On Twitter, @mrsroth mentioned how a nurse handed her 18-month-old a cup and spoon. The little girl started to “stir” with the spoon, but failed that developmental task because she was supposed to pretend to eat from the bowl.
Everyone loves to complain about Tipat Chalav, the network of well-baby clinics run by Israel’s health ministry. Sometimes the staff gives silly suggestions, or even dangerous ones. And nothing is more upsetting to an anxious new mother than having her baby “fail” one of Tipat Chalav’s many tests.
Overall, Tipat Chalav does its job very well. It’s important for new parents to understand Tipat Chalav’s strengths and limitations.
Tipat Chalav has several key roles:
- Weigh, measure and examine the baby. This is to ensure that baby is getting enough to eat and has no underlying health issues. Even educated and experienced parents don’t pick up every problem. And if your baby has never been weighed, you won’t have a baseline to tell the doctor if something comes up later.
- Give immunizations.
- Share updated health and safety guidelines. These include vitamins, breastfeeding and bottle-feeding information, when to start solids, safety recommendations, and more. The Israel Health Ministry writes up the guidelines, many of which come via the World Health Organization. Many Tipat Chalav nurses have even taken courses in breastfeeding, but the quality of their advice varies.
- Test the baby’s development. This includes physical and cognitive ability, communication, hearing, and eyesight.
- Schedule regular appointments with the resident pediatrician.
In addition, Tipat Chalav provides services for women during pregnancy and in the post-partum period, including birth control.
Tipat Chalav’s goal is to prevent babies and their families from falling though the cracks. That’s why there’s one in nearly every neighborhood. In addition to spotting medical concerns, they involve social services when they suspect abuse or neglect. This is a good thing, even though it means some parents will be falsely accused.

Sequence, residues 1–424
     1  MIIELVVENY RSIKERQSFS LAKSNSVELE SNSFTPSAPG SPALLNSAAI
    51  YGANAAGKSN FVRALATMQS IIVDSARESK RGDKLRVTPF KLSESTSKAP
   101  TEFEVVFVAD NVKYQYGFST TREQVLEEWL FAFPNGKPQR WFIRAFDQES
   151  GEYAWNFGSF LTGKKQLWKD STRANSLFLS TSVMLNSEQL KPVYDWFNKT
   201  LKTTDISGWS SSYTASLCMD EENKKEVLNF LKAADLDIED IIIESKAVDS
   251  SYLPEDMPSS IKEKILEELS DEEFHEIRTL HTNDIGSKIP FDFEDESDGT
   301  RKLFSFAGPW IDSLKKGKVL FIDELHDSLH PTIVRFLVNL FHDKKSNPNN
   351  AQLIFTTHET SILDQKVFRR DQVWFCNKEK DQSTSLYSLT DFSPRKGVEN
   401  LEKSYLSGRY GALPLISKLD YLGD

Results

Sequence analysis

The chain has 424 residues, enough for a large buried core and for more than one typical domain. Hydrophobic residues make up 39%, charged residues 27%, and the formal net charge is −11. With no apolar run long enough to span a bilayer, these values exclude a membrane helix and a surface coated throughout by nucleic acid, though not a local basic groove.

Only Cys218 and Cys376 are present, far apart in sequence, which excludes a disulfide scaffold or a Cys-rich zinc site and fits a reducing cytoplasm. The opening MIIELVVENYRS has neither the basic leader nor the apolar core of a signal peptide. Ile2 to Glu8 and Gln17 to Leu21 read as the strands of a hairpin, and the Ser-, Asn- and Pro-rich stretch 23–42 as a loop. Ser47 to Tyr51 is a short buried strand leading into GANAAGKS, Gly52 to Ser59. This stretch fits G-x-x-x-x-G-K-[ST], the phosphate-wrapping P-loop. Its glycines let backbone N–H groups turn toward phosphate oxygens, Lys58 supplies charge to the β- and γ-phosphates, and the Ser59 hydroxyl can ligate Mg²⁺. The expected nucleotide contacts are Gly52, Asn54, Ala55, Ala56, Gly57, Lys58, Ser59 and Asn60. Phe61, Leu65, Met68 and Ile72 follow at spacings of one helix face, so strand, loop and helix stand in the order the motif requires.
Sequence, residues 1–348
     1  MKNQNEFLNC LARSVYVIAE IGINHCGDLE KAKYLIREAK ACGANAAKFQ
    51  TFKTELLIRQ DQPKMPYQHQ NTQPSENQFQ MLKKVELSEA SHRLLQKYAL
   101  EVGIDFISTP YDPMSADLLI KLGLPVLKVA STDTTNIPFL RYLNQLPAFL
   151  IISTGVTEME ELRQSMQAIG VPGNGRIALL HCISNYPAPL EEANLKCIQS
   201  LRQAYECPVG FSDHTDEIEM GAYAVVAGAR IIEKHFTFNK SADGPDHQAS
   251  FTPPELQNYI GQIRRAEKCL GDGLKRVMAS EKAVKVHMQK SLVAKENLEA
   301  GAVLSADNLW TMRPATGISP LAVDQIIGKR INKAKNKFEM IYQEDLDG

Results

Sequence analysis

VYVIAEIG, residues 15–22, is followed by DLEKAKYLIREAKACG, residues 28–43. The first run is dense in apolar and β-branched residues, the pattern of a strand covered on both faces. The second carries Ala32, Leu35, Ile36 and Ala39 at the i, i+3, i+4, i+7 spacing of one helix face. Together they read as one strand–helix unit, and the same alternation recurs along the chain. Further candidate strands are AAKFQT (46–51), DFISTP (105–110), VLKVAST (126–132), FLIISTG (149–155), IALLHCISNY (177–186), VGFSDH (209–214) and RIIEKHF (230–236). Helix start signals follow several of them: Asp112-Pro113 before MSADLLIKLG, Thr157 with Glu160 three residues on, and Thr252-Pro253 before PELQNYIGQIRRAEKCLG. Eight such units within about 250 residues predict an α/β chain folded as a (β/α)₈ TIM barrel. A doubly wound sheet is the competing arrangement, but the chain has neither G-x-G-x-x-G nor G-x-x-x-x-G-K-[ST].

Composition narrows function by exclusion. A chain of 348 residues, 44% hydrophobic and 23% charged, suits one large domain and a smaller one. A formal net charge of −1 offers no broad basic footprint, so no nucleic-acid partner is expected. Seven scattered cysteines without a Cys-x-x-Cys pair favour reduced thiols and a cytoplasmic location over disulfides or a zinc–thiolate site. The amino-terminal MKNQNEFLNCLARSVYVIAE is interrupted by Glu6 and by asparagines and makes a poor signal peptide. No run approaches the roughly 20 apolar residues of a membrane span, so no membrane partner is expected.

One problem with Tipat Chalav is that the nurses administer standard tests, and they expect standard answers. If your baby starts to drop in the weight percentiles, some nurses are alarmed even when everything else is fine.
New mothers can be sensitive to the slightest criticism. If the nurse finds something “wrong” with the baby, you don’t have to act on it. But because they see so many children of the same age, they may pick up on things a mother might not notice.
If you’re not sure whether the concern is justified, you can say that you will check it out with your doctor. If you report that your doctor said the the baby is fine, there isn’t much more the nurse can say. You can also try to see a different nurse in the future.
The most important thing a Tipat Chalav nurse can do is to make parents feel good about their children. This is doubly true with mothers of new babies. I’ll never forget the time I took my son for a blood test, when he was about 11 months old. He was flirting and “joking” with the nurse. She was so enchanted she called over another nurse to see. There’s a huge difference when you walk into the clinic and are greeted by someone happy to see you and your baby, not looking down a checklist expecting to find something wrong.
Are you satisfied with your Tipat Chalav? Do they accomplish what they are supposed to, or do they just make parents overly anxious? What tips can you give to new parents?